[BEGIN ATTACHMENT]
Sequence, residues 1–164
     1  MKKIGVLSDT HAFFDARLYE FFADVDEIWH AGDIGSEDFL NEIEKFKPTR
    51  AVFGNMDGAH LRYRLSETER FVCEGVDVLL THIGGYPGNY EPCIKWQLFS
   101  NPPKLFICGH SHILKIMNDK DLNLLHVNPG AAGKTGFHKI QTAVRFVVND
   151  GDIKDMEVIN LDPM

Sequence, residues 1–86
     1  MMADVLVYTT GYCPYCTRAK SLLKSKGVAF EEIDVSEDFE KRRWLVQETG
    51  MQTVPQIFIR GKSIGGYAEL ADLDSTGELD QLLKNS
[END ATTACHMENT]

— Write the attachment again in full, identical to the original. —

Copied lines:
Sequence, residues 1–164
     1  MKKIGVLSDT HAFFDARLYE FFADVDEIWH AGDIGSEDFL NEIEKFKPTR
    51  AVFGNMDGAH LRYRLSETER FVCEGVDVLL THIGGYPGNY EPCIKWQLFS
   101  NPPKLFICGH SHILKIMNDK DLNLLHVNPG AAGKTGFHKI QTAVRFVVND
   151  GDIKDMEVIN LDPM

Sequence, residues 1–86
     1  MMADVLVYTT GYCPYCTRAK SLLKSKGVAF EEIDVSEDFE KRRWLVQETG
    51  MQTVPQIFIR GKSIGGYAEL ADLDSTGELD QLLKNS